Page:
The first Styx album (self-titled, 1972) is an overlooked slab of pomp rock. It’s not a masterpiece by any stretch of the imagination, but any band wishing to open their debut long player with a thirteen minute epic fusing hard rock with flourishes of Aaron Copland and what sounds like a conversation with a New York cabbie must have something, right? With that track, ‘Movement For The Common Man’, Styx announced their arrival in a typically grand style. The rest of the album, while nowhere near as complete sounding as 1977’s ‘Grand Illusion’ or as obviously song oriented as any of the albums from then onward, still makes for interesting listening decades after its original release. 1973’s ‘Styx II’, by contrast, is a more sedate affair – sedate in the world of early Styx means still very much still pompous and overblown – but, naturally, a bigger input from vocalist/pianist Dennis DeYoung, brought with it a much stronger element of musical theatre.
With these two records as a solid grounding, the band went all out for their next long player ‘The Serpent Is Rising’. Released in October 1973 – the third Styx LP to hit the shelves in just eighteen months – it has to be said, it has less of a focus than its predecessors. It doesn’t sound as if Styx had been tempted to use up leftover material though, rather more that this time out, the gloves were truly off. Coming from the days when bands were allowed to spend record company money (no matter how meagre a budget) while still very much on a learning curve, it sounds as if Styx intended to throw everything at this recording bar the kitchen sink to find out, once and for all, what styles worked for them…and which ones really didn’t.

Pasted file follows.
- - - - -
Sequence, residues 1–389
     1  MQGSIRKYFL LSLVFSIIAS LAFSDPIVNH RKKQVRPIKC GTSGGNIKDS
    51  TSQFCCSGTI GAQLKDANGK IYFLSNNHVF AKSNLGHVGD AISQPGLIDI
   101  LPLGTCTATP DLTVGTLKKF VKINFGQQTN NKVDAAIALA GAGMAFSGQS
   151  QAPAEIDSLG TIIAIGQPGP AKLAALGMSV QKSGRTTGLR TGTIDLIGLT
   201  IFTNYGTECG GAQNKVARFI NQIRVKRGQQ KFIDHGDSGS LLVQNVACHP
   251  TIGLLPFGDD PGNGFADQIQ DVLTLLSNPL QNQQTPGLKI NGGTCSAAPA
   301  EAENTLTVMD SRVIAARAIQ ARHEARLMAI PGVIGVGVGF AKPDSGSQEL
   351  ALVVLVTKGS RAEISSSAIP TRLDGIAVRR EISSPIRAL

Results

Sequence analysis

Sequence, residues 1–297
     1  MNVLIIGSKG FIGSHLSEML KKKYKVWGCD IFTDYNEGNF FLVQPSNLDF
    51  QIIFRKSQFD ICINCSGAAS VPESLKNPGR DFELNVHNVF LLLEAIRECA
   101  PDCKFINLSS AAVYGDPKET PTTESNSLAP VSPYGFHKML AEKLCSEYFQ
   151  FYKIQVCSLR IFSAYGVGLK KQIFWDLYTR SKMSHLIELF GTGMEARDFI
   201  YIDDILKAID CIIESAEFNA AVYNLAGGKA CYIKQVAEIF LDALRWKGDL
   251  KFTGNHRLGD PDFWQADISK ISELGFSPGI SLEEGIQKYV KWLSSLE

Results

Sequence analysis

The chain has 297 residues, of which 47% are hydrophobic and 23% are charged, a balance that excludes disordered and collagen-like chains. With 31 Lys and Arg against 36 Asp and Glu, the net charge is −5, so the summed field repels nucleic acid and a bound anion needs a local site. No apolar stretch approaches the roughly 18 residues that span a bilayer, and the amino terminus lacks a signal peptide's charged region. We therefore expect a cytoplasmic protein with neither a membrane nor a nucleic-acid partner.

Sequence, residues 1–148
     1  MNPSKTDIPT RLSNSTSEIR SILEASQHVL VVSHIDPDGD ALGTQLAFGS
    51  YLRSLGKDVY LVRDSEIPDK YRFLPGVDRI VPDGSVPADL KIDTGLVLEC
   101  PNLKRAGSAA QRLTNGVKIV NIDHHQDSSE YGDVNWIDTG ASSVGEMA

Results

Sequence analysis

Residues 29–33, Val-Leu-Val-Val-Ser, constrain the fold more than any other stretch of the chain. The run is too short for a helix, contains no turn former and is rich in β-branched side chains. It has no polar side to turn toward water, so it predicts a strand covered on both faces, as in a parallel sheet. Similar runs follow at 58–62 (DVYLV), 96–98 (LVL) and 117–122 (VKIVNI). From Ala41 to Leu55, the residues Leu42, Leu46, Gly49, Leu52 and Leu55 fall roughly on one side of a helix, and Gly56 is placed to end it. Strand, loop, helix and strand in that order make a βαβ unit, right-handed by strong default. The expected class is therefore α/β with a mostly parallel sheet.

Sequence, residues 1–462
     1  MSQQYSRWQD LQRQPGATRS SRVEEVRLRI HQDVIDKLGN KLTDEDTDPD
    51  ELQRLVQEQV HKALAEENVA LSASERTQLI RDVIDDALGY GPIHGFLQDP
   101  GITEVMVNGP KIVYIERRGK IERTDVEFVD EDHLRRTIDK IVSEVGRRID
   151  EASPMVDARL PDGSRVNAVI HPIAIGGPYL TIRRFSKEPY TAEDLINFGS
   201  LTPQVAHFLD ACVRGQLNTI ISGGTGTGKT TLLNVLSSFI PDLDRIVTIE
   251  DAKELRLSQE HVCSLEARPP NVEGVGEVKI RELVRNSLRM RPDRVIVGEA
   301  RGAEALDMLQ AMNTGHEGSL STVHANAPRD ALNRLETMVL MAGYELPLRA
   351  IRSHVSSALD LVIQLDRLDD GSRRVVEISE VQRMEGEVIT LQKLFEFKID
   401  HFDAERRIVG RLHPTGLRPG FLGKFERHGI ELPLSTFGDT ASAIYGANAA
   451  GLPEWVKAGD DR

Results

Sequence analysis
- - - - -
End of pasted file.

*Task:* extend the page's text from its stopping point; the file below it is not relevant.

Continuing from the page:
Jim Peterik is a legend. His work on various Survivor albums cements his place in the melodic rock history books, regardless of anything he has written or recorded since the 80s. Tracks like ‘American Heartbeat’, ‘Jackie Don’t Go’, ‘I Can’t Hold Back’ and ‘Poor Man’s Son’ are stone cold classics…and of course, it would take a hard heart not to be amused by the ‘Eye of The Tiger’ video with Survivor attempting to look tough whilst stomping through a warehouse.
Peterik’s post-Survivor projects have, understandably, been less high profile. After all, how can you follow a million selling rock band, radio play and worldwide number one singles?
2016 has been an interesting year. We’ve heard hundreds of albums and we’ve heard lots of good ones, but in comparison to the previous couple of years there has been a paucity of great ones. Nevertheless, there’s always gold to be mined and here are Real Gone’s top ten albums of the year.
[As always, in the interest of fairness, the choices are limited to those actually reviewed on the website]
After forming in 1989 – towards the end of melodic rock’s heyday – Seven attracted the attention of the legendary John Parr. With Parr as producer, the Brit AOR band recorded and released two moderately successful singles and subsequently toured with anyone who’d have them. They shared stages with the suitable (Richard Marx) to the questionable (Jason Donovan) and various acts in between . Although there were plans to release an album, the band were subsequently dropped by their record label and soon went their separate ways.
Active from the mid to late 80s, The Difference were a progressive rock band that, while indebted to the usual influences from Rush and the big progressive hitters of the era, also tempered their sound with various other more contemporary influences – ranging from 80s pop and AOR to the tight quirks of The Police. On their 1988 EP, the coming together of older prog sounds with an eighties sharpness results in some very pleasing music that, although hampered slightly by budgetary contraints, still presents some great ideas.